“Cometh the Hour, Cometh the Chatbot” is an odd phrase to hear, but these are strange times we live in. Search for ‘chatbot’ and almost every country is launching one to act as a contact and information point to ease the load on health services during the spread of the Coronavirus.
Of course, politicians would like to tout these bots as big deals, which is why Donald Trump jumped the gun on Google’s health division efforts, forcing this response. “Statement from Verily: We are developing a tool to help triage individuals for Covid-19 testing. Verily is in the early stages of development, and planning to roll testing out in the Bay Area, with the hope of expanding more broadly over time.”
Yet, from Goa to Italy, Pakistan to all corners of the States and across Europe, chatbots and other tech tools are launching at a frenetic rate to help deal with the volume of queries and reassure their populations about the spread and provide good practice advice.
While most bot vendors have spent years touting their AI smarts, most of these bots are simply-designed information providers. They use effective but limited scripts to help get those key messages across and have plenty of links to other key resources. Some bots offer no-code development platforms and cloud services, enabling anyone to create a simple bot that they can add smarter features to over time.
The aim is take the load off phone lines, and to help avoid personal contact with hard-pressed medical staff already at great risk from the Covid-19 virus. Discussing the Goan example, Health Minister Vishwajit Rane on Wednesday launched Cobot-19, saying:
“The aim is to provide people with access to authentic, helpful and easy-to-understand information about the disease. The Prime Minister Narendra Modi has urged all stakeholders to come together and make the best use of technology to tackle the ongoing health crisis. With the Chatbot, people will be able to resolve their queries regarding the precautions to be taken to avoid getting infected; diet to boost immunity; health department contact information in case of emergency, among other things.”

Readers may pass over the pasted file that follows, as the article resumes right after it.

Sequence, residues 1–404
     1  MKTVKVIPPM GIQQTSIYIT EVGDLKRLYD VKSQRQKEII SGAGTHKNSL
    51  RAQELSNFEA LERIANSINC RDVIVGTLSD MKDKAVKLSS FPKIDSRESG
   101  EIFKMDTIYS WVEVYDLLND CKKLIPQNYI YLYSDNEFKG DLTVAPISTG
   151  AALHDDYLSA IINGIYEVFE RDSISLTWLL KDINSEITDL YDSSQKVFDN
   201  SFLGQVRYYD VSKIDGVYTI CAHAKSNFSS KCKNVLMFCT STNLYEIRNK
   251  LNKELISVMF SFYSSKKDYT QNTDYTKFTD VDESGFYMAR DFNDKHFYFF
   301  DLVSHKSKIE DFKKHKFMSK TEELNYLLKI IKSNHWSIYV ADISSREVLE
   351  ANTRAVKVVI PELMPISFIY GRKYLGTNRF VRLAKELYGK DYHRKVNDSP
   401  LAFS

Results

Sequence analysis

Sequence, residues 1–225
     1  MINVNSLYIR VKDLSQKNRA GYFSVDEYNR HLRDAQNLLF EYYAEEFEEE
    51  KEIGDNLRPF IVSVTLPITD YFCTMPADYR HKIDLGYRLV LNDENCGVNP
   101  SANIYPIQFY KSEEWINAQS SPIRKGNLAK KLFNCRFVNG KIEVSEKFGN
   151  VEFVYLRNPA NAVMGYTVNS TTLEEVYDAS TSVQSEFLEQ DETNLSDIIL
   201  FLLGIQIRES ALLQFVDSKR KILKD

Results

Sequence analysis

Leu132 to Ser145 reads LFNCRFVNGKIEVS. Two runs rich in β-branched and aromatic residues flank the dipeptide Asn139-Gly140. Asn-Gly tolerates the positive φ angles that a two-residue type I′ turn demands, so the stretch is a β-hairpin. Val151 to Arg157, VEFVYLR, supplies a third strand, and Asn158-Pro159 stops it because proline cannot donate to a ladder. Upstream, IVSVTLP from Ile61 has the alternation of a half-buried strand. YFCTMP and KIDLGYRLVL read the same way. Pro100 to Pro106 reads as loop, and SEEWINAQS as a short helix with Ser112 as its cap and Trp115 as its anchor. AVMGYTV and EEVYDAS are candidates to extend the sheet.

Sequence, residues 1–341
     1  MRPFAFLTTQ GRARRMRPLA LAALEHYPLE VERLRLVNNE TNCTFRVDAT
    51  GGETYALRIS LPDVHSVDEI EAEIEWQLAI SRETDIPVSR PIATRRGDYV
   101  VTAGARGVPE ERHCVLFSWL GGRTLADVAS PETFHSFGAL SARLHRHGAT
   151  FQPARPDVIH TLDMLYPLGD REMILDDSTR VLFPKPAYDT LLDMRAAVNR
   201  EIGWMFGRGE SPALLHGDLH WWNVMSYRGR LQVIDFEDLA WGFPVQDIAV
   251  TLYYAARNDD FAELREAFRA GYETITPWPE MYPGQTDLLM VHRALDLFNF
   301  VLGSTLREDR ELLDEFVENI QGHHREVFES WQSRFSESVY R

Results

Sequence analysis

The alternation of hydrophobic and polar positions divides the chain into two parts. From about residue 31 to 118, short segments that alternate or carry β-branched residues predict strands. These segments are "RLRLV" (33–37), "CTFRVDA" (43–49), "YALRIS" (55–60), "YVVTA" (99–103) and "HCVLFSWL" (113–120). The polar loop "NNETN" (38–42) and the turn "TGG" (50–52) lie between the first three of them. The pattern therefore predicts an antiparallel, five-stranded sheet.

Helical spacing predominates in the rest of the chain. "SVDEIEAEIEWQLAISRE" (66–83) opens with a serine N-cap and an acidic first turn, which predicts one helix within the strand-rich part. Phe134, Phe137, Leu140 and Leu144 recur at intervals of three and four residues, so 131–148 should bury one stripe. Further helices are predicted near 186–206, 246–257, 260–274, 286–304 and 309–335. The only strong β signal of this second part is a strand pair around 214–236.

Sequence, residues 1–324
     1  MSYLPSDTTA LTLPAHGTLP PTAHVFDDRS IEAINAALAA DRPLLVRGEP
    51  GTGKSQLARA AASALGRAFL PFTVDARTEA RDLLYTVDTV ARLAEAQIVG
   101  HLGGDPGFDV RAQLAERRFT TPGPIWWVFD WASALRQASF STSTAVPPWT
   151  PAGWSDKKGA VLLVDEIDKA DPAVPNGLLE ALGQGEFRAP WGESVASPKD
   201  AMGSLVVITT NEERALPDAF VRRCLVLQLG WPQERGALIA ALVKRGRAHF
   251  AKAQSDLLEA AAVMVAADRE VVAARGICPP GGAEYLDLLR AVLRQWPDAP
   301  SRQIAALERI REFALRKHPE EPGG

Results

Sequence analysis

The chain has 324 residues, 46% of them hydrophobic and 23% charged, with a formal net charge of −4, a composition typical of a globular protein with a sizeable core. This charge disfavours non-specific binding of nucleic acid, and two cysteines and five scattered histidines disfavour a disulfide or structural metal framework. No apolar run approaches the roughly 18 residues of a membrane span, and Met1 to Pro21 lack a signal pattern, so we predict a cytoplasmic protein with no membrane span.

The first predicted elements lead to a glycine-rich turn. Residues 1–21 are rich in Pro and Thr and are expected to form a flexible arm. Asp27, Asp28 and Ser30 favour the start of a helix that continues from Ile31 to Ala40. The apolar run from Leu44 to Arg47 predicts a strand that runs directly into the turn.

Bots beyond the health cordon
Beyond the health emergency, chatbots are coming to the fore as useful tools for companies offering remote working, helping provide the latest internal news and general developments. Bots are also being used for level-zero technical support as people get to grips with working from home, facing connectivity issues and VPN/access problems that were never an issue in the office.
And, for people starting new businesses during their enforced time at home, bots are playing a vital part in their more traditional roles for customer service, appointment book and order taking for the fledgling companies. Having a bot handle inquiries 24/7 takes some of the pressure off people trying to start or deliver work.
Across larger businesses, bots are being drafted in to help manage supply chains as suppliers, manufacturers and other agencies deal with moving goods and freight through a mire of quarantine zones and jammed up warehouse facilities. These will be key as the squeeze on supplies gets stronger with people still panic buying and so on.